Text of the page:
ATM usage beyond permissible free transactions to become expensive from Jan 1

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Mumbai: Using ATMs beyond the permissible free transactions for cash as well as non-cash purposes will cost more from Saturday.

As per the Reserve Bank directive issued in June, the banking customers would be required to pay Rs 21 per transaction with effect from January 1, 2022 for transactions beyond the free permissible limit. Presently, banks are allowed to charge Rs 20 for such transactions through ATMs.

Customers would, however, continue to be eligible for five free transactions (inclusive of financial and non-financial transactions) every month from their own bank ATMs. They would also be eligible for three free transactions from other bank ATMs in metro centres and five in non-metro centres.

The RBI had earlier allowed banks to increase interchange fee per transaction from Rs 15 to Rs 17 for financial transactions and from Rs 5 to Rs 6 for non-financial transactions in all centres with effect from August 1, 2021.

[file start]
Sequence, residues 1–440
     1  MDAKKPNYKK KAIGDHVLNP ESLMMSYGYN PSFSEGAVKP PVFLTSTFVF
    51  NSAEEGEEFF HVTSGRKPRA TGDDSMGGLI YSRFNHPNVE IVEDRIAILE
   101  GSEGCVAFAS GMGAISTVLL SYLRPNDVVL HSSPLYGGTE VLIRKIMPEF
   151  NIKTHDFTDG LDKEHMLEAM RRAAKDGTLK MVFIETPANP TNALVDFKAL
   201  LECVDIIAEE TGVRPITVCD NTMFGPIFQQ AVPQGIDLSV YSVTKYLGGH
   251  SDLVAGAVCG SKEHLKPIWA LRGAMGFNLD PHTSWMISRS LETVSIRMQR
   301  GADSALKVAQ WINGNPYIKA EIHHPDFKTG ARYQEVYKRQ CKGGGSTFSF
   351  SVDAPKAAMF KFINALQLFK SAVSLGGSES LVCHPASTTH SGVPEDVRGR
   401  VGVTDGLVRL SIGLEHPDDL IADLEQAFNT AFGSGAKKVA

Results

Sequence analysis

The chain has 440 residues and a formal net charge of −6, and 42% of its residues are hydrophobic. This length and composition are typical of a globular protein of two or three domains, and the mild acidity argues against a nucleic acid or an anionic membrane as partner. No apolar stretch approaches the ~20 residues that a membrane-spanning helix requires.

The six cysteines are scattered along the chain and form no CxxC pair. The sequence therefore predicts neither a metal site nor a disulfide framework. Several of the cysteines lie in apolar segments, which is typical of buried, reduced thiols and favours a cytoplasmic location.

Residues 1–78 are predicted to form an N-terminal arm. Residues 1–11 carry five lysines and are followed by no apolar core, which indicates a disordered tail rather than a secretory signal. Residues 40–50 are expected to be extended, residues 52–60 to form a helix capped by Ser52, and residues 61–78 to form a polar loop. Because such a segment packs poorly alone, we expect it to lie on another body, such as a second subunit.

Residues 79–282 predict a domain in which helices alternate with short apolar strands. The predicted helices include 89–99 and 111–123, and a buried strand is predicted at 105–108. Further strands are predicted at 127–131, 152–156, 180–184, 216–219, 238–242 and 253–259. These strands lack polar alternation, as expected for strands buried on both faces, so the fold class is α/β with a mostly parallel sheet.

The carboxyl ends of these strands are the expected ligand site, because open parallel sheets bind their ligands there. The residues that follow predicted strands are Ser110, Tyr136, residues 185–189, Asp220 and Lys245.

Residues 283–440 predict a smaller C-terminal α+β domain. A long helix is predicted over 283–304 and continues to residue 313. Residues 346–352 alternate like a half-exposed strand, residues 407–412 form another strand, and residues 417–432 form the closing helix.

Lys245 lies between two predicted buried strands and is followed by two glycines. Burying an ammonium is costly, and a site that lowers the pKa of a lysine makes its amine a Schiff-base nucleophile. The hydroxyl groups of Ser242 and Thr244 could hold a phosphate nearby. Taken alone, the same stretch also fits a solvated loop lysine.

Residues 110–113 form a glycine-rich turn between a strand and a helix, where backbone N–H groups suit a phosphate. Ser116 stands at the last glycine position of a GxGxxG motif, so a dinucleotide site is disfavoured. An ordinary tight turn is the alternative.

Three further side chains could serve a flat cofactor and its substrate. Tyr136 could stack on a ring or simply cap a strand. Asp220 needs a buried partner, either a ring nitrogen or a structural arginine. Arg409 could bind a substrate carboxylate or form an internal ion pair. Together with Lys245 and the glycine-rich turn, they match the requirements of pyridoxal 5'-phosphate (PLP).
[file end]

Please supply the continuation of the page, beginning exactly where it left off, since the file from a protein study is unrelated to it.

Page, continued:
The charges have been increased to meet the increasing cost of ATM deployment and expenses towards ATM maintenance incurred by banks/white label ATM operators, as also considering the need to balance expectations of stakeholder entities and customer convenience.

It may be noted here that the central bank had set up a committee in June 2019 under the Chairmanship of the Chief Executive, Indian Banks’ Association to review the entire gamut of Automated Teller Machine (ATM) charges and fees with particular focus on interchange structure for ATM transactions.

There were 1,15,605 onsite ATMs and 97,970 off-site automated teller machines as on March 31, 2021. About 90 crore debit cards issued by different banks were outstanding at end-March 2021.

The first ATM in India was set up in 1987 by HSBC in Mumbai. In the following twelve years, about 1,500 ATMs were set up in India. In 1997, the Indian Banks’ Association (IBA) set up Swadhan, the first network of shared ATMs which allowed interoperable transactions. (Agencies)

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